The main reason I went to Hawaii last week was to attend the wedding of my good friend Ron. An interesting thing was that I knew I wouldn’t meet Ron’s wife, Miho, until probably after the ceremony was over. Even though Ron, Miho, and I both live in Vancouver, I never met her in the three years they’ve been dating.
When I initially got word that the wedding was going to be in Hawaii, I immediately had thoughts of a beach-side wedding with a reception that would have guests gazing a brilliant ocean sunset as we dined on super fancy cheeseburgers. As it turned out, Miho wanted to get married in a church, miles away from any beach. The reception was to be held in a restaurant, though fancy, it was not next to the beach but certainly close to it. It puzzled me for a second but then I realized that some women dream about their weddings for many years and if they want to get married at a Star Wars convention in Arkansas, then that’s what they should get.
I arrived in Honolulu on a Thursday night. The wedding ceremony was at noon on Saturday. The reception would be at 8pm the same night, followed by a buffet lunch at 12:30pm on Sunday. Thursday night was pretty chill as we had flown for about six hours. Friday was eventful, especially Friday night but that’ll have to wait for another post.
On Saturday morning, I took a cab from my hotel to the church. I arrived early at 11:30am. I walked around the grounds a bit. It was a nice church on a somewhat big piece of land, with decent groundskeeping. John, the best man and my travel partner on this trip popped out of one of the side rooms and invited me in. Inside I saw Ron in his sparkling white tux. I think both of us shared some nervous chit-chat. Also there was the minister, who would be conducting the ceremony. Neither the bride and groom are remotely religious, so I found this part of the wedding a little odd. Again, it wasn’t my wedding, so who was I to question it. Ron, John, the minister, and myself chatted for a few more minutes before it was time for me to find a seat outside. I wished Ron good luck and left the waiting room.
Inside the church I took a seat on the groom’s side. There I met Ron’s family for the first time. There were his parents Anna-Belle and Hank who graciously thanked me for coming all this way. Actually, those aren’t their names but it’d be cool if you played along. I also met his sisters, one of which brought her husband along. I quickly learned his siblings were merciless when it came to poking fun at Ron, even his parents were like that and this was minutes before the ceremony.
Across the aisle were Miho’s parents, Johan and Natasha. As you might guess, those aren’t their real names but let’s continue. There was also Miho’s brother, his wife, and their two well-behaved daughters. Miho’s cousin and some of her friends were there too.
As the church organist wound down her spiffy version of “Louie Louie“, the minister took to the front and addressed the dearly beloved who had gathered here today. He told us how it was gonna all go down, when to sit, when to stand, and when to take pictures. He did so in English and then again in Japanese, which surprised me because he was a white dude. I would later find out that according to some of Japanese people, his Japanese wasn’t so great. Shhhh… don’t tell him that.
Then John and Ron emerged from their waiting room to take their place at the front. Also waiting at the front was Miho’s maid of honour. Then the familar wedding march started. I looked back to see a flower girl. Behind her was Miho, looking lovely in her wedding dress, flanked by her father. As they made their way down the aisle I thought, “How is it that this is the first time I’m seeing Ron’s soon-to-be wife?” The thought passed as I could see Miho weeping slightly.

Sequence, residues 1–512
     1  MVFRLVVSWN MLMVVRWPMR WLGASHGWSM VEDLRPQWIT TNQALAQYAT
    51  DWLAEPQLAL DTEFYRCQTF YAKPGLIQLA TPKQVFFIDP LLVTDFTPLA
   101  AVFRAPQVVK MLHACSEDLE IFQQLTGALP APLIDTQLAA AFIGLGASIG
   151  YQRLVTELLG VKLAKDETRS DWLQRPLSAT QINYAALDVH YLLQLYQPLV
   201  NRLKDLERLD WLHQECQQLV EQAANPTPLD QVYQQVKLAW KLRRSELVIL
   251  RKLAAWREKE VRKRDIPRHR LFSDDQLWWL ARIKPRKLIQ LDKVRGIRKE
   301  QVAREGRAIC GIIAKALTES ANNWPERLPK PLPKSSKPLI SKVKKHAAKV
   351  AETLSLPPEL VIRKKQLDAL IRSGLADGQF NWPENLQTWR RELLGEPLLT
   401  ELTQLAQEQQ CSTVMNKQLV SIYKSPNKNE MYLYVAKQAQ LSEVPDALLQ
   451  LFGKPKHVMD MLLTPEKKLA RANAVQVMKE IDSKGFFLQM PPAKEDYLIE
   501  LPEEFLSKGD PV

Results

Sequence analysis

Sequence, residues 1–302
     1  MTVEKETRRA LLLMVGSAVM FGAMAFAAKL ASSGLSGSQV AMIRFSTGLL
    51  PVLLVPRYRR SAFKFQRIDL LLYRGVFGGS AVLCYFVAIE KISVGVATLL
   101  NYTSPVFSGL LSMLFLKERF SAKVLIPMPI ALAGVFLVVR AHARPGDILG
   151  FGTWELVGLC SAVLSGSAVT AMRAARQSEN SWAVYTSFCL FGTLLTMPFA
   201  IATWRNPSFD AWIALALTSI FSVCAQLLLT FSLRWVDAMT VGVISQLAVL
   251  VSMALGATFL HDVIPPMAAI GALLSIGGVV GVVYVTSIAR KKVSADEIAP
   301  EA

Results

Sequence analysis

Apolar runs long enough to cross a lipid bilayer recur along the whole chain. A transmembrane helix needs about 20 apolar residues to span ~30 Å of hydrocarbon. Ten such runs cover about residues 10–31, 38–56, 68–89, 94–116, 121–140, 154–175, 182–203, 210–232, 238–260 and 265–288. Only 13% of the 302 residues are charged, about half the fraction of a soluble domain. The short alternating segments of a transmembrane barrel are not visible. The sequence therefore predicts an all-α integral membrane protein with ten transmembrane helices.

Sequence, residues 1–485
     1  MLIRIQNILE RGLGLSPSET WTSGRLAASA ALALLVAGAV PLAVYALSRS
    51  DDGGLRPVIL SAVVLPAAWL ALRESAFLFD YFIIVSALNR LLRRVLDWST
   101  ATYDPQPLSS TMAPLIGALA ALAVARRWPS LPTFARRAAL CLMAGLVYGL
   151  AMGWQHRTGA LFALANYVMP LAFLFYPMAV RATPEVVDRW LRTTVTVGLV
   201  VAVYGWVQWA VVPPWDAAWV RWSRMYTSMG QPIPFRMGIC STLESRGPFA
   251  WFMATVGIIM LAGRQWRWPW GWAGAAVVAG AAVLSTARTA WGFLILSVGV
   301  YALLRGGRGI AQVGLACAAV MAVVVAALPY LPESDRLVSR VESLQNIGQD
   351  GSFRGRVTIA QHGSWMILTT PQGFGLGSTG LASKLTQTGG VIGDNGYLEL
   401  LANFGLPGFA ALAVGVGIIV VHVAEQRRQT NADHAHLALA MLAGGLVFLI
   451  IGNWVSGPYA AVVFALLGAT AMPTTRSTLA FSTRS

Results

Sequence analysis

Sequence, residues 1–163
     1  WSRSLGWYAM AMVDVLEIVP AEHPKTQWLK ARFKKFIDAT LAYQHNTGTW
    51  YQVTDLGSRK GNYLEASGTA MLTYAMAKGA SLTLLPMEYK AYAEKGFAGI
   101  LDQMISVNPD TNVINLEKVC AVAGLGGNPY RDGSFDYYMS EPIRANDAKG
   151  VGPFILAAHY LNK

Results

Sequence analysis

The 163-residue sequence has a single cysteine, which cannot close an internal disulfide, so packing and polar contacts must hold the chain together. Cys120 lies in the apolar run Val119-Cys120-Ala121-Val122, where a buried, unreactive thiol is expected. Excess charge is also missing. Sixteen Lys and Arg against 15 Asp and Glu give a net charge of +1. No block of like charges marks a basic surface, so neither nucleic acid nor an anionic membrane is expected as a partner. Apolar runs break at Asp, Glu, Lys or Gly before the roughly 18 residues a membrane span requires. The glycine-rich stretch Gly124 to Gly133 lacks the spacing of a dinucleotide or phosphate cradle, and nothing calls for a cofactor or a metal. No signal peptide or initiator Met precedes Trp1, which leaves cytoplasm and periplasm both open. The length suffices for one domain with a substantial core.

When Miho joined Ron at the front, it became a pretty much standard ceremony at that point. The vows were not weird like you hear at some weddings. Though afterwards I did find out that the minister snuck in several religious references during the ceremony, even though Ron and Miho had specifically asked him not to do that.
The end of the ceremony was signalled by a kiss between the two newlyweds which was also the first time I’ve ever seen Ron kiss a girl. Deep within my mind I heard, “Ewww! Cooties!” Brushing aside the thought, I saw the lovely couple turn to us with a big smile.
After this, it was pictures galore. The wedding photographer that Ron and Miho hired seemed like a super cool guy. He was Japanese, a bit older and he had a pretty cool ponytail (as far as ponytails go). He appeared to be very good at his job and quite personable. I’m betting he has no trouble convincing young women to let him take naked photos of them.
By this time, the blazing heat of the beautiful day was taking a toll on everyone. Even though I looked completely awesome in my suit and newly purchased shirt and tie, it was quite uncomfortable to be in so much clothing. After a million pictures were taken, Ron and Miho took off in a limo took to get more pics take on the north shore. John then graciously called cabs to ferry everyone back to their hotels. Of course, our cab, the one that would take John and I back to our hotel, came 10 to 15 minutes after the last one left. By that time, I’d loosened my tie and unbuttoned a few buttons of my shirt which really made a difference.
The reception was fabulous but that’ll have to wait for another post as it’s getting late and I kinda want to watch another episode of Beauty and the Geek I downloaded.
I’d like to publicly thank Ron and Miho for inviting me to be a part of their wedding ceremony. I shall enjoy every single time that I tell your kids about it.